After adjusting to obtain the detailed edges I then cropped and placed the tail section back onto the photo as an overlay. Now all I need to do is make the pixel/foot calcs and I'll be able to scale out the various parts to do the build. It won't be perfect but it will be darned close.

Here's the "doctored" pic reduced in size and resolution so it will fit here....

 

tesdetail.JPG (26 KB | )
tesdetail.JPG
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Reply #7 - Nov 26th, 2009 at 8:41am

thymekiller   Offline
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",,,The road goes on forever, and the party never ends..."
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Reply #6 - Nov 26th, 2009 at 7:11am

Black Lion   Offline
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Charlieman wrote on Oct 26th, 2009 at 8:14am:
IIRC, there was an article with photos and scale drawings in an issue of "Skyways" magazine, couple of years back.  Used to have friend with the issue I borrowed. Will try to contact him for more data.


Wondering if you ever got in touch with your friend. I've done all the web stuff I can (to date) and other than ID'ing the issue (July, 1988) of Skyways have struck out finding a copy or anyone with a copy.
 
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Reply #5 - Oct 28th, 2009 at 8:18am

thymekiller   Offline
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Thanks for the story. I love first person stuff. Have you contacted Friends of Bellanca? Dont give up on your search. It would be great to see this come full circle.

thymekiller
 

",,,The road goes on forever, and the party never ends..."
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Reply #4 - Oct 26th, 2009 at 11:56pm

Black Lion   Offline
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The story...

As a kid growing up in Elgin, Illinois from time to time my grandparents would mention "Poor Dick Peck". They were friends of the Peck family...a family that ran a store in downtown Elgin. Since I wasn't born until 1946 I didn't know much other than Dick was killed in an airplane crash and, every now and then, my father would show me a scrap of blue fabric and tell me that it came from his airplane. My dad also had a chunk of propeller from an Eagle Rock that Wayne King (band leader) broke when he landed at the airfield in Elgin. Interesting stuff, interesting stories but they never really meant anything to me until years later.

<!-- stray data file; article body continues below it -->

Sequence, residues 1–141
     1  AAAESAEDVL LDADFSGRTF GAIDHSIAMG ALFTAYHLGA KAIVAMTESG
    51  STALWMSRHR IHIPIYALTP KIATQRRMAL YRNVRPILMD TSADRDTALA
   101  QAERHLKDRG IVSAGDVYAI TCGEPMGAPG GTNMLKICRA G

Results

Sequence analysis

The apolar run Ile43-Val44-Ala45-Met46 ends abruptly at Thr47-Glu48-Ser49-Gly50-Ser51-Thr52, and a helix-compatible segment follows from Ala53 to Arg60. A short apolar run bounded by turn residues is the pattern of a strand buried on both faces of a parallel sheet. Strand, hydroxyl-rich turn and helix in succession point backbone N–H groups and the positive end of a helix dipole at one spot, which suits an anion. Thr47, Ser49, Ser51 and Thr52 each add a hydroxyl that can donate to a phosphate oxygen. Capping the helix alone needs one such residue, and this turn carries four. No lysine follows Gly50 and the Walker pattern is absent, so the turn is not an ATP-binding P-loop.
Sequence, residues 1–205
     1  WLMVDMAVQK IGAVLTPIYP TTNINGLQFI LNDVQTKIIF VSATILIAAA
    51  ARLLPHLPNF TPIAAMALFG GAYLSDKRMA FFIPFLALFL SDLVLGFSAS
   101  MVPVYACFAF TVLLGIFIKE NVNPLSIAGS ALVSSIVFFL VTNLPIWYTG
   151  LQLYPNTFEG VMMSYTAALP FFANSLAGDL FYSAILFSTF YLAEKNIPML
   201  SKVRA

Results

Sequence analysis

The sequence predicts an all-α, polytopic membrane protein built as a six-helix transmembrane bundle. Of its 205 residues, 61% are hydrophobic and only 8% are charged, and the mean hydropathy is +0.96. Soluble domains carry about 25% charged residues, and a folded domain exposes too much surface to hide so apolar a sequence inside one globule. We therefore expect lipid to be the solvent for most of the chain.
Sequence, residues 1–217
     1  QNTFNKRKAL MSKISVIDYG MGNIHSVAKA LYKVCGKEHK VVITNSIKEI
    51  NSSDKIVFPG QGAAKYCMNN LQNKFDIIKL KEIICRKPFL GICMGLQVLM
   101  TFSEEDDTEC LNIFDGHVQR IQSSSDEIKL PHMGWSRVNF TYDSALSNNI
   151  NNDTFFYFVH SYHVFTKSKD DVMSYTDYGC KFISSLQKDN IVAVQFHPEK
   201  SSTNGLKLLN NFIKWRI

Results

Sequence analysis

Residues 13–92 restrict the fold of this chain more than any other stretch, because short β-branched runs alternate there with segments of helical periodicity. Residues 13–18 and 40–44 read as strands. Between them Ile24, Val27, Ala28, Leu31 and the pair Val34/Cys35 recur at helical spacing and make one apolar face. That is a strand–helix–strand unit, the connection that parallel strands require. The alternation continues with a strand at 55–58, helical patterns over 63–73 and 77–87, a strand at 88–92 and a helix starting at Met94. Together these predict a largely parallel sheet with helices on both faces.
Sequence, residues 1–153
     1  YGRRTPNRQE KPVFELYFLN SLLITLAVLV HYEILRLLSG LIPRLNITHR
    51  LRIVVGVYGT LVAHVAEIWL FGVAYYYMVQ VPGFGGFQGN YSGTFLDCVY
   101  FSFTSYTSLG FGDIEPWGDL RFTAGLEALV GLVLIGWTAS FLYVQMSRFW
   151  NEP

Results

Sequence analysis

We go way back to the late 20's:

My grandparents were renting a farmhouse on the Kelley farm out northwest of Elgin, Illinois. My grandfather worked both on the farm and at the nearby gravel pit where my greatgrandfather also worked. At the same time barnstormers and pilots started using one of the empty fields there because of the proximity of a gas station about 1/4 mile away. The usage of that field multiplied and after a few years (1929) the city decided to turn it into a regular airport. The farm house my grandparents were living in was uprooted and relocated to a different spot on the farm and my grandparents bought a house on the northeast end of Elgin and moved there. Prior to that time they had befriended Dick Peck who would drop in for coffee/whatever whenever he landed at the airfield.

On June 10, 1930 the airfield was officially opened with a huge celebration which included a large showing by the Army Air Corps (I have a couple of photos of that, too). The following year on May 26th, 1931 the "Blue Streak" (Chicago Daily News airplane...the Bellanca TES) crashed near Wheaton, Illinois killing all 4 of the crew members...one of which was Dick Peck. My grandparents loaded up their two kids and drove to the crash site once they heard about it and my dad cut a piece of the wing fabric off the wreckage as a souvenier. On the back of it is written "Dick Peck May 26 1931".

So time passes and the piece of fabric is still in the family. My dad would talk about how ugly that airplane was and I was always curious as to what that sort of "ugly" looked like but never did see a picture of it. My dad passes away and I inherit the broken prop and piece of fabric but, luckily, now there's the WWW and a simple search brings up an actual image of the beast. As soon as I saw it I immediately wanted to build a UC model of it just so it would fly again.

And thereby hangs the tale...

I've had no luck in identifying the Eagle Rock that Wayne King nosed in (landed with the wind) from which I have the propellor piece and he has also passed away so...no way of getting info from him either but the piece of prop will always be around just the same.